I wonder what your responsibility as a host really is. I saw a case recently where a 1 year old left his apartment and fell off the balcony. His mother was arrested, of course, for neglect, etc. But as far as I know the apartment complex isn’t liable. The mother made the decision to live on the second floor of an apartment building and not supervise her child. Similarly, you wouldn’t expect an apartment complex to provide socket covers, baby gates, etc. You would expect them to not have exposed electrical wires or leaky gas lines, but these dangers apply to people of all ages. Really, what is a host’s expectation and liability?

When I travel with my 2 year old and stay in a hotel, I feel like I am responsible for keeping him safe. I don’t expect the hotel to cover sockets or monitor the swimming pool for me.


AirBnb, is the advertising and booking medium for hosts. It presents hosts with an assortment of pre-worded options from which to choose for the basic version of our “advertised” House Rules.

A couple of those optional rules are “No smoking” and “No parties or events”. A couple other options are: “Not suitable for pets“ and “Not safe or suitable for children (0-12 years)”.

There is a difference between the two sets of rules. Two are absolute prohibitions because they use the word “No”; the others are not as stringent and declaratory. The words “not suitable” does not mean forbidden, it means not “appropriate” or “fitting”. It is not discriminatory advertising and it’s Air’s template, written by attorneys.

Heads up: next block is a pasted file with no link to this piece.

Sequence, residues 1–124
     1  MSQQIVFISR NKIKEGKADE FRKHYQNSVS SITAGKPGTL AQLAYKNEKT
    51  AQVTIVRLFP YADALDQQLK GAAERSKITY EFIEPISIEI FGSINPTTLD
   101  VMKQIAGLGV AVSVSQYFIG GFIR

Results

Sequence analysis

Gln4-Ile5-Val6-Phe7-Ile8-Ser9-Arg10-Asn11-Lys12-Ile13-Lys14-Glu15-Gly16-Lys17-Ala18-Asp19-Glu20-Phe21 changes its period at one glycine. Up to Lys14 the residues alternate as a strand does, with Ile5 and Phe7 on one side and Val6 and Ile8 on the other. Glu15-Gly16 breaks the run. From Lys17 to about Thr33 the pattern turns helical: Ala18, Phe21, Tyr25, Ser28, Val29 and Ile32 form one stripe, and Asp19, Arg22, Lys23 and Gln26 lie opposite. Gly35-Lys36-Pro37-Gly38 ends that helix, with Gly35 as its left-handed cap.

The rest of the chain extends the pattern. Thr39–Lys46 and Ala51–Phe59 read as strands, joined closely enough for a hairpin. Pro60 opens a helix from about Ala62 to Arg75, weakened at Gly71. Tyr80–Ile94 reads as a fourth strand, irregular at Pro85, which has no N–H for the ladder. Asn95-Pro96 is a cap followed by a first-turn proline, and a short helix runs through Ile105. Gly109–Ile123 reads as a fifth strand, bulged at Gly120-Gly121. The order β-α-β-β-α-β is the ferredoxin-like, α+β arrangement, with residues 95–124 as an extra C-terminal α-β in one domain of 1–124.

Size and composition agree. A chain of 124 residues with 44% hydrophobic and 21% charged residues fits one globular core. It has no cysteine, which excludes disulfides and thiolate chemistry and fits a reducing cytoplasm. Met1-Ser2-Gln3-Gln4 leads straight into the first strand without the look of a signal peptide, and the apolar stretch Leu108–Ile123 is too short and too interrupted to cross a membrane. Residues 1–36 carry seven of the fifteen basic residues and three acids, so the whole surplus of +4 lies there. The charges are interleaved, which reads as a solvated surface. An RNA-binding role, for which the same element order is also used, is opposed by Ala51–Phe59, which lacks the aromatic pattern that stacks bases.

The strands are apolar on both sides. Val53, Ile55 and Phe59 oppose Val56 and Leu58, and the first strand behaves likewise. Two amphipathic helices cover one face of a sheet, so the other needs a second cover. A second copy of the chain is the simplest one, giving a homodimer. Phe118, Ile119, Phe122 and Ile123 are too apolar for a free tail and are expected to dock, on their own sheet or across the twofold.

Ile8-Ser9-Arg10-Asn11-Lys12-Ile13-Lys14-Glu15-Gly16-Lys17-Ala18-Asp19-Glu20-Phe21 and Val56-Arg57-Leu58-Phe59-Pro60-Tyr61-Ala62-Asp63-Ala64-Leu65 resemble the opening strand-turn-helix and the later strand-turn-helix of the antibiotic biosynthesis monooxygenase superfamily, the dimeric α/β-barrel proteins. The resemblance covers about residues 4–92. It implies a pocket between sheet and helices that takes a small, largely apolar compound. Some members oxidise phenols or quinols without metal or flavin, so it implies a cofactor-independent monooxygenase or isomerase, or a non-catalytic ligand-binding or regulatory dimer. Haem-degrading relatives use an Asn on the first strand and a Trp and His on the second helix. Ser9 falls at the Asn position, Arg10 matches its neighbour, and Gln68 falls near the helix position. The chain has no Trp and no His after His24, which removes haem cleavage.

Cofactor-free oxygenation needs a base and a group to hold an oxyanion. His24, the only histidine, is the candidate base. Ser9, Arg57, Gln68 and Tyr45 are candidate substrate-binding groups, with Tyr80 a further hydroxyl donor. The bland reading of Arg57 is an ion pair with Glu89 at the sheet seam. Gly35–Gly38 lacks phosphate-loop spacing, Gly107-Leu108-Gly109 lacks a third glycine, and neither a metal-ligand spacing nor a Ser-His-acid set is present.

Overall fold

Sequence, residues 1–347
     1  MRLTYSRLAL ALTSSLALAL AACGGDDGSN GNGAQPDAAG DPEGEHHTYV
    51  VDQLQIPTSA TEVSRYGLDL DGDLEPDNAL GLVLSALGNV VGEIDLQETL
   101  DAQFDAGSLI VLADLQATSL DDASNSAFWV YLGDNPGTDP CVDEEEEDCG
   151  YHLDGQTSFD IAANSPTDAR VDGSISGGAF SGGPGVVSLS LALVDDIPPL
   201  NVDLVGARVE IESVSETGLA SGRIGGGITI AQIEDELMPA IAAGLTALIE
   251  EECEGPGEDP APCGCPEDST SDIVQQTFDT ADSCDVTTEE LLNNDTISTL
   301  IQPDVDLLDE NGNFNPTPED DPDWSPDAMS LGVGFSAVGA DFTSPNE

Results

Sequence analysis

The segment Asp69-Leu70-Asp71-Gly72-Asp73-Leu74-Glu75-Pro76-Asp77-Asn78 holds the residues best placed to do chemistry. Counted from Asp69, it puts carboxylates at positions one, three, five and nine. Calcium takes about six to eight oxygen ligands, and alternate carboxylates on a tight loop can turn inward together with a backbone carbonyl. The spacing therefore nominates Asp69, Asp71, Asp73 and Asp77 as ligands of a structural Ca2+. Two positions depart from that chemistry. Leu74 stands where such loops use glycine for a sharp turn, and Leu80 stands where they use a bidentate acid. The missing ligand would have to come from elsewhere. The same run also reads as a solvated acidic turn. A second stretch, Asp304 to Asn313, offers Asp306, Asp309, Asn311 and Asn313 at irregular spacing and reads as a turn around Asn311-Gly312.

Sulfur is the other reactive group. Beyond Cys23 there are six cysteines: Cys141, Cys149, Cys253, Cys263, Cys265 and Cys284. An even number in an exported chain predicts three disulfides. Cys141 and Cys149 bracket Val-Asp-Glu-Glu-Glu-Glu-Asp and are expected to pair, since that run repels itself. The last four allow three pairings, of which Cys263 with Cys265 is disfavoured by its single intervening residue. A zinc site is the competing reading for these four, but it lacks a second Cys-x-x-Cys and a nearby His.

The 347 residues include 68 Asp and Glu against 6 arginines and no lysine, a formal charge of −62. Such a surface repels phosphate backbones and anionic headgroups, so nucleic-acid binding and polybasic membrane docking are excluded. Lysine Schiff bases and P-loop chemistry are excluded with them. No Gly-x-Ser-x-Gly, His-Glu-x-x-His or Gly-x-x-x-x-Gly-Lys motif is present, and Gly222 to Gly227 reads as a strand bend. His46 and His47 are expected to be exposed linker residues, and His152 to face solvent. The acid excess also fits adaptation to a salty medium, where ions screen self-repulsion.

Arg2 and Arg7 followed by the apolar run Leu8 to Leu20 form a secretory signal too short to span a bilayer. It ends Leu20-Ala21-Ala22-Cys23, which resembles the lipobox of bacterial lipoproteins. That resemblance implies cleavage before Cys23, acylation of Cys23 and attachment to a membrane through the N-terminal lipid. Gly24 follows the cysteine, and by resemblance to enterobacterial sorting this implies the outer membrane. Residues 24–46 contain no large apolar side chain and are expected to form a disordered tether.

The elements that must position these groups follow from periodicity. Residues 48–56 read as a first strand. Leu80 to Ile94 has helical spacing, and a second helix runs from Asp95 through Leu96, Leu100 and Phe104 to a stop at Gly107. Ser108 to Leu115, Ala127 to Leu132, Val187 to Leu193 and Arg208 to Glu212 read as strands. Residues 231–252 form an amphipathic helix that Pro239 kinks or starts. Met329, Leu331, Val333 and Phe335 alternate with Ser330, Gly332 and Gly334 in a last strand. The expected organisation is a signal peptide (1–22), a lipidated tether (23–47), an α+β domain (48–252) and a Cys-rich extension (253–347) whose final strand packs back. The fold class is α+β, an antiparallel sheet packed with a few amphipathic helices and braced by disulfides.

No worries folks.


I think the problem is if someone overlooks or ignores that warning, not prohibition, and then asks to book with you anyway, you are in a bind. If your attitude is, it’s my house and I don’t accept children (like in my case, there is a reason I didn’t have any!) and they complain you’ll probably get a scolding from Airbnb.


But the solution has always been to come up with other reasons to either direct the potential guest elsewhere or for declining. It’s not that hard - I’ve done it many times in 7+ yrs.

Nary a hiccup.


@SandyToes Do you not allow instant book?


No, never have. I’m the vetting type. :smile:


And also whole house where you aren’t on site. That’s where most of the problems we hear about happen so you have to be careful. My airbnb is perfect for me and my lifestyle and I love instant book, I’m fine with flexible cancellation, too small really for families. I don’t have any problems not due to my magic powers but due to the perfect combination of the right space for the right guest.